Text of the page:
The most popular reason offered for the dearth of financial crisis prosecutions is the 100-year flood excuse: The banking system was hit by a systemic and unforeseeable disaster, which means that, as unpleasant as it may be to laymen, it’s unlikely that anyone committed any crimes.

Stupidity is No Crime

Or, barring that wildly implausible explanation (since, indeed, many people saw the crash coming and warned about it), the argument is that acting stupidly and recklessly is no crime.

As I ride the subway every morning, I often fantasize about criminalizing stupidity and fecklessness. But alas, it’s not to be.

Nevertheless, it’s hardly reassuring that bankers, out of necessity, have universally adopted the dumb-rather-than-venal justification. That doesn’t mean, however, that the rest of us need to buy it. It’s shocking how pervasive and triumphant this narrative of the financial crisis has been.

Link: http://www.propublica.org/thetrade/item/where-are-the-financial-crisis-prosecutions/

Assessment

Just as it’s clear that not all bankers were guilty of crimes in the lead-up to the crisis, it strains credulity to contend no one was. Corporate crime is usually the act of desperate people who have initially made relatively innocent mistakes and then seek to cover them up. Some banks went down innocently. Surely some housed bad actors who broke laws.

As a society, we have the bankers we deserve. Sadly, it’s looking like we have the regulators and prosecutors we deserve, too.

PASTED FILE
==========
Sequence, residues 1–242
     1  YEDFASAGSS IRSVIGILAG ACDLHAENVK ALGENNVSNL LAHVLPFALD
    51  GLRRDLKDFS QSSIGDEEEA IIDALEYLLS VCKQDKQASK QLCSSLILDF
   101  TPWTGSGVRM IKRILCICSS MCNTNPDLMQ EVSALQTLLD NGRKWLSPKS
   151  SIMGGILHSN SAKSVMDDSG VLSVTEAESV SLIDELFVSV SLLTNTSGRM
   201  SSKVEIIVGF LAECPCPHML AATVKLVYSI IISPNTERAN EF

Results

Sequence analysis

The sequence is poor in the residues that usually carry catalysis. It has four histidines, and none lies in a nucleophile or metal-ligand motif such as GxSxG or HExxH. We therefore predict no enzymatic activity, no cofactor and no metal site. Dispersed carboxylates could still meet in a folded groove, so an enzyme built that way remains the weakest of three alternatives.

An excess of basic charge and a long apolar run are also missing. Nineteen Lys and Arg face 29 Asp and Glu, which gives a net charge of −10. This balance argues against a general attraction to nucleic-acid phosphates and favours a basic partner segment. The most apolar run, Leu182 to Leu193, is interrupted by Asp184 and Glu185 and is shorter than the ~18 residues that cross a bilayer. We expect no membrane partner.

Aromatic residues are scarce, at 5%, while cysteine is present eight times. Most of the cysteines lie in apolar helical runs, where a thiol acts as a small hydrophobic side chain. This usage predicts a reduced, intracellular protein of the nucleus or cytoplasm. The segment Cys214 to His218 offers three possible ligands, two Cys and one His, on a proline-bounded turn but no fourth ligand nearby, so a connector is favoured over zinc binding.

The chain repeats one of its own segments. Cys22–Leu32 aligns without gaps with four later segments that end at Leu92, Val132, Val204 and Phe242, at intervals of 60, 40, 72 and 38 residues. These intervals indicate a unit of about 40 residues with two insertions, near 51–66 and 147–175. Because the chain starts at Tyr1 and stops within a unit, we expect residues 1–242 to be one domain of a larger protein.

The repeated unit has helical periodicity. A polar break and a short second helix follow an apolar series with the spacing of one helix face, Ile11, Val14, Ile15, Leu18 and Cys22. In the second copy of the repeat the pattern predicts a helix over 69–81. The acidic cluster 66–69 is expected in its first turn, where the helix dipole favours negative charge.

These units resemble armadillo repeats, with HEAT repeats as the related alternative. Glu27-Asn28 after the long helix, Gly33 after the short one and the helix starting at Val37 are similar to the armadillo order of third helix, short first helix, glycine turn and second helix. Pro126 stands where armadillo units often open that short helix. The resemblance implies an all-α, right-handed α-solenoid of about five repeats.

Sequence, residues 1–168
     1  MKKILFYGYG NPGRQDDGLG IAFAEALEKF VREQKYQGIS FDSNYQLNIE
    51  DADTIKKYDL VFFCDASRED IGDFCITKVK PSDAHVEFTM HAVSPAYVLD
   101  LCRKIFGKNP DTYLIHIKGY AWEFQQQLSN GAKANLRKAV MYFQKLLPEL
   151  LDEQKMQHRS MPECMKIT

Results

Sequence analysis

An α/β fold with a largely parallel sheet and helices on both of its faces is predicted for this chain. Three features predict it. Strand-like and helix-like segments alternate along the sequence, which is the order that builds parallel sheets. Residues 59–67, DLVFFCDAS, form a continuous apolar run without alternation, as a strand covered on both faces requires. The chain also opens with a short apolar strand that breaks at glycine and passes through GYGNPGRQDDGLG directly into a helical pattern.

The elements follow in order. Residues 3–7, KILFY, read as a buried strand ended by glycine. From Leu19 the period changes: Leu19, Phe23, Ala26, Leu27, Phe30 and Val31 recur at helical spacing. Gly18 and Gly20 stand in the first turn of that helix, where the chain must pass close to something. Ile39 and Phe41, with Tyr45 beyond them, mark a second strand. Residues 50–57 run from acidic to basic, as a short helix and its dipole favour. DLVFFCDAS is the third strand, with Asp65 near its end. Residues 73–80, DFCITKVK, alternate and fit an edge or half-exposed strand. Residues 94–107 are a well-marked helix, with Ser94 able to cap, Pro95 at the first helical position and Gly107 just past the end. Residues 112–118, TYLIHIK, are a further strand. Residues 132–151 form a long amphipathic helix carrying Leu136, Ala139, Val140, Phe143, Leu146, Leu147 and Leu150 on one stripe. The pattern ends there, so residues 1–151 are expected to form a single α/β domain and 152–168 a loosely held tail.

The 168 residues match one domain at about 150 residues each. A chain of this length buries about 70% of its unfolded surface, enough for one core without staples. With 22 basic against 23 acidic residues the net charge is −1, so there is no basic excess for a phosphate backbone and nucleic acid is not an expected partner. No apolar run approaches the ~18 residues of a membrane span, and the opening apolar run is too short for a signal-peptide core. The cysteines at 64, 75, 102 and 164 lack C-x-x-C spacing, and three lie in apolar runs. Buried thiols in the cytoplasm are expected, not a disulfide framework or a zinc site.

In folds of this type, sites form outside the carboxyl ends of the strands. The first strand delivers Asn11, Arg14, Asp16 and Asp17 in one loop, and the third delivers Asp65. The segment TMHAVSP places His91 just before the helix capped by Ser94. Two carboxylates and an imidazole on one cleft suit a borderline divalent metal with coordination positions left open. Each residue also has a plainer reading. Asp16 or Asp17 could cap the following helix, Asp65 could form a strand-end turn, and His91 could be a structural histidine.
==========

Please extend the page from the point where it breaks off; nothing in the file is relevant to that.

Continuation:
Conclusion

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Beware Medical and Money Management ‘Groupthink’

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Helping Doctors Understand Peer Comparisons

By J. Wayne Firebaugh CPA, CFP® CMP™

By Dr. David E. Marcinko MBA, CMP™

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More than a few mutual, hedge and endowment fund managers have noted that they commonly compare their endowment and portfolio allocations to those of peer institutions and that as a result, allocations are often similar to the “average” as reported by one or more surveys/consulting firms.

One interviewed endowment fund manager expanded this thought by presciently noting that expecting materially different performance with substantially the same allocation is unreasonable. It is anecdotally interesting to wonder whether any “seminal” study “proving” the importance of asset allocation could have even had a substantially different conclusion. It seems likely that the pensions and funds surveyed in these types of studies have very similar allocations given the human tendency to measure one-self against peers and to use peers for guidance.

This is a truism in medicine as well as the financial services sector.

Understanding Peer Comparisons

Although peer comparisons can be useful in evaluating your portfolio, or your hospital or medical practice’s own processes, groupthink can be highly contagious and dangerous.

For historical example, in the first quarter of 2000, net flows into equity mutual funds were $140.4 billion as compared to net inflows of $187.7 billion for all of 1999. February’s equity fund inflows were a staggering $55.6 billion, the record for single month investments. For all of 1999, total net mutual fund investments were $169.8 billion[1] meaning that investors “rebalanced” out of asset classes such as bonds just in time for the market’s March 24, 2000 peak (as measured by the S&P 500).